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In a typical spring mvc validator class, while inserting an errorCode value in the Errors object, what difference does it make between using a String (props.somefield.req) like so

errors.rejectValue("elementId", "props.somefield.req");

verses a declared static final String ?

private static final String SOMFIELD_REQ = "props.somefield.req"; ...
errors.rejectValue("elementId", SOMFIELD_REQ);

Does it improve the performance even in a slightest way? I have read a few questions on stack overflow (String and finalString and final, Does it make sense to define a final String in Java?Does it make sense to define a final String in Java?) but no one got around to answering this questionsthis questions update question.

In a typical spring mvc validator class, while inserting an errorCode value in the Errors object, what difference does it make between using a String (props.somefield.req) like so

errors.rejectValue("elementId", "props.somefield.req");

verses a declared static final String ?

private static final String SOMFIELD_REQ = "props.somefield.req"; ...
errors.rejectValue("elementId", SOMFIELD_REQ);

Does it improve the performance even in a slightest way? I have read a few questions on stack overflow (String and final, Does it make sense to define a final String in Java?) but no one got around to answering this questions update question.

In a typical spring mvc validator class, while inserting an errorCode value in the Errors object, what difference does it make between using a String (props.somefield.req) like so

errors.rejectValue("elementId", "props.somefield.req");

verses a declared static final String ?

private static final String SOMFIELD_REQ = "props.somefield.req"; ...
errors.rejectValue("elementId", SOMFIELD_REQ);

Does it improve the performance even in a slightest way? I have read a few questions on stack overflow (String and final, Does it make sense to define a final String in Java?) but no one got around to answering this questions update question.

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In a typical spring mvc validator class, while inserting an errorCode value in the Errors object, what difference does it make between using a String (props.somefield.req) like so

errors.rejectValue("elementId", "props.somefield.req");

verses a declared static final String ?

private static final String SOMFIELD_REQ = "props.somefield.req"; ...
errors.rejectValue("elementId", SOMFIELD_REQ);

Does it improve the performance even in a slightest way  ? I have read a few questions on stackoverflowstack overflow (http://stackoverflow.com/questions/874978/string-and-finalString and final  , http://stackoverflow.com/questions/10233309/does-it-make-sense-to-define-a-final-string-in-javaDoes it make sense to define a final String in Java?) but no one got around to answering this questions update question.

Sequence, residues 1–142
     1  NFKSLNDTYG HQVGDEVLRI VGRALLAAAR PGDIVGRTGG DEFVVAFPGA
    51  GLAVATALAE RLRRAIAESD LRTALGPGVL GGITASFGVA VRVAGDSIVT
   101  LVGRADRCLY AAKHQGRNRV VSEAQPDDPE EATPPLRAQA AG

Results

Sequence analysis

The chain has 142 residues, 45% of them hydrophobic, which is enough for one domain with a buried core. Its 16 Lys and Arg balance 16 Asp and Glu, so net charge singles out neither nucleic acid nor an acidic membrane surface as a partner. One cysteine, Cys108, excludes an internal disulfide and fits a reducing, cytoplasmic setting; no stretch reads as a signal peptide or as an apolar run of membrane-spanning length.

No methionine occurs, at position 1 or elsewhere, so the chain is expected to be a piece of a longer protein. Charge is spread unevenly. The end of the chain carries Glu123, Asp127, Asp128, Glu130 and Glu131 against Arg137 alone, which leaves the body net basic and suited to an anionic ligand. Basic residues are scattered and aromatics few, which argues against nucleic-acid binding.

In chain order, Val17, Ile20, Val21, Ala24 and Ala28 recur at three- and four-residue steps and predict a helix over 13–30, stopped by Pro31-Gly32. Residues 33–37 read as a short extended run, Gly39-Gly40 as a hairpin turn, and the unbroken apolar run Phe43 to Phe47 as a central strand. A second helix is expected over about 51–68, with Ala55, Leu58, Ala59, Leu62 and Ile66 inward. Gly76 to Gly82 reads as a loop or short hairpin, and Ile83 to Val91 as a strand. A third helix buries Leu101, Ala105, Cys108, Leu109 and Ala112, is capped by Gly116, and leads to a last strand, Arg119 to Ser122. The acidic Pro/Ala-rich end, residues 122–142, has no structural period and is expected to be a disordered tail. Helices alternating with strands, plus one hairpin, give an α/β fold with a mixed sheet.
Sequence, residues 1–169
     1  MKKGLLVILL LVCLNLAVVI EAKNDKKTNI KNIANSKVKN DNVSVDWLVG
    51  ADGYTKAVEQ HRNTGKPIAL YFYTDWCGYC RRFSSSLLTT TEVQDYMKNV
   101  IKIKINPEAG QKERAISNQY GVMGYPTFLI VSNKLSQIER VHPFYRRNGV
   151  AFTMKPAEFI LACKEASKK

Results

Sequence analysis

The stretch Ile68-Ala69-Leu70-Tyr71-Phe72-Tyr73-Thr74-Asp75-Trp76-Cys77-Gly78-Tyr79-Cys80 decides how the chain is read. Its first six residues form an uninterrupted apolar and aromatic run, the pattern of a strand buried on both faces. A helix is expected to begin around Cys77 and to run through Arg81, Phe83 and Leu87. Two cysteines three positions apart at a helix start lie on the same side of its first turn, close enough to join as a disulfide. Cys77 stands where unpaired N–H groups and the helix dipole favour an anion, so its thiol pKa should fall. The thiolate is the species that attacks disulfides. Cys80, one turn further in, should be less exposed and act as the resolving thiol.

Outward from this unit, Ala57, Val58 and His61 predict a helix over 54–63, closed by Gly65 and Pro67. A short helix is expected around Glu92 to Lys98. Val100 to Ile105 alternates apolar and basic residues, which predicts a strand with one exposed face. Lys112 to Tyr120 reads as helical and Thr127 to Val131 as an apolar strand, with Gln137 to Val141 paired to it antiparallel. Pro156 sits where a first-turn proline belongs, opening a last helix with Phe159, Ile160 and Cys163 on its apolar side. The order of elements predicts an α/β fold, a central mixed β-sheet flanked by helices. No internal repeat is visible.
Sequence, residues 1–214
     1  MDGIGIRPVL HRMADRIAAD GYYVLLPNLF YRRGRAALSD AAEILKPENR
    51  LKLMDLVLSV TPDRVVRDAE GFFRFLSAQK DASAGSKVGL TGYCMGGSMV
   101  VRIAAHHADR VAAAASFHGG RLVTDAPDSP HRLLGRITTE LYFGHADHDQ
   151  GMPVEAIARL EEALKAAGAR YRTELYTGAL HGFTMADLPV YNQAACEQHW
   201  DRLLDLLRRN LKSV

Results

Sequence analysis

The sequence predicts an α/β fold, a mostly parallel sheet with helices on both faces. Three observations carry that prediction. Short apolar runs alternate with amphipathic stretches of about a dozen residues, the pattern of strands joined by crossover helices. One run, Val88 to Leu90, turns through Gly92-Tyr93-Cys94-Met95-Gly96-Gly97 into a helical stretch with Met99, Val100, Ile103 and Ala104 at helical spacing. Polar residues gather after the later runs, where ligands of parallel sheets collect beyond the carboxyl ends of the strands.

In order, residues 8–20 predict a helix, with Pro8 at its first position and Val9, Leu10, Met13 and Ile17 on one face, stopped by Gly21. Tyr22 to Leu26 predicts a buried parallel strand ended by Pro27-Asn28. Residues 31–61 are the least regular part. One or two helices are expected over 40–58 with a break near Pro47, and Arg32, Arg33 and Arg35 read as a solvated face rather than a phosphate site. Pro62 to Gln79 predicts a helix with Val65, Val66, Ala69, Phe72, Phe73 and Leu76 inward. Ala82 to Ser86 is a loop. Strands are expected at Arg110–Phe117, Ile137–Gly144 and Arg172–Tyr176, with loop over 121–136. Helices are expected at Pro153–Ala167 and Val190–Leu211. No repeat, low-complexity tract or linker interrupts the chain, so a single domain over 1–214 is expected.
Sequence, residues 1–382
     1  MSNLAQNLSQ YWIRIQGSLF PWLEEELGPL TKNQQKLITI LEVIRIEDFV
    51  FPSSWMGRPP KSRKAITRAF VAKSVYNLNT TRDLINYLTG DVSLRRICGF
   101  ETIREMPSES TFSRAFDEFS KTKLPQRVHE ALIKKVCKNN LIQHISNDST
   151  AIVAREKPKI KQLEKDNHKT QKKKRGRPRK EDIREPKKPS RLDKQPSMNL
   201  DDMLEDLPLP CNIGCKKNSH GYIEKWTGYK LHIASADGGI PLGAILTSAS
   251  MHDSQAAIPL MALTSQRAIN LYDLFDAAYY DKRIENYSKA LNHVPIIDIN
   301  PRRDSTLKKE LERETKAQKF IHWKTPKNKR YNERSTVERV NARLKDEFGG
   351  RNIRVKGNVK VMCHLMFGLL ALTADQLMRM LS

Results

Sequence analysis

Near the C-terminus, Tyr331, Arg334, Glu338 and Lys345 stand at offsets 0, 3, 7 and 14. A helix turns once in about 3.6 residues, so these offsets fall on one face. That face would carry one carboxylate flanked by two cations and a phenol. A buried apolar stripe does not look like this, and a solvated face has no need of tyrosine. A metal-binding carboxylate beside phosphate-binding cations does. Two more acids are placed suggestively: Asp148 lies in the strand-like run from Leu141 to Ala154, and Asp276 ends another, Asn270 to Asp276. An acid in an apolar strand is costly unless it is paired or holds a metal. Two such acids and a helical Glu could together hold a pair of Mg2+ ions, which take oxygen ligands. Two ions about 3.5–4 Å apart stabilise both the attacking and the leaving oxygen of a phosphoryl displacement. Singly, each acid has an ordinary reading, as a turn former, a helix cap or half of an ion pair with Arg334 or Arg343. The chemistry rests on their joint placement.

In a typical spring mvc validator class, while inserting an errorCode value in the Errors object, what difference does it make between using a String (props.somefield.req) like so

errors.rejectValue("elementId", "props.somefield.req");

verses a declared static final String ?

private static final String SOMFIELD_REQ = "props.somefield.req"; ...
errors.rejectValue("elementId", SOMFIELD_REQ);

Does it improve the performance even in a slightest way  ? I have read a few questions on stackoverflow (http://stackoverflow.com/questions/874978/string-and-final  , http://stackoverflow.com/questions/10233309/does-it-make-sense-to-define-a-final-string-in-java) but no one got around to answering this questions update question.

In a typical spring mvc validator class, while inserting an errorCode value in the Errors object, what difference does it make between using a String (props.somefield.req) like so

errors.rejectValue("elementId", "props.somefield.req");

verses a declared static final String ?

private static final String SOMFIELD_REQ = "props.somefield.req"; ...
errors.rejectValue("elementId", SOMFIELD_REQ);

Does it improve the performance even in a slightest way? I have read a few questions on stack overflow (String and final, Does it make sense to define a final String in Java?) but no one got around to answering this questions update question.

1
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Why to declare a String (as final) and then use it?

In a typical spring mvc validator class, while inserting an errorCode value in the Errors object, what difference does it make between using a String (props.somefield.req) like so

errors.rejectValue("elementId", "props.somefield.req");

verses a declared static final String ?

private static final String SOMFIELD_REQ = "props.somefield.req"; ...
errors.rejectValue("elementId", SOMFIELD_REQ);

Does it improve the performance even in a slightest way ? I have read a few questions on stackoverflow (http://stackoverflow.com/questions/874978/string-and-final , http://stackoverflow.com/questions/10233309/does-it-make-sense-to-define-a-final-string-in-java) but no one got around to answering this questions update question.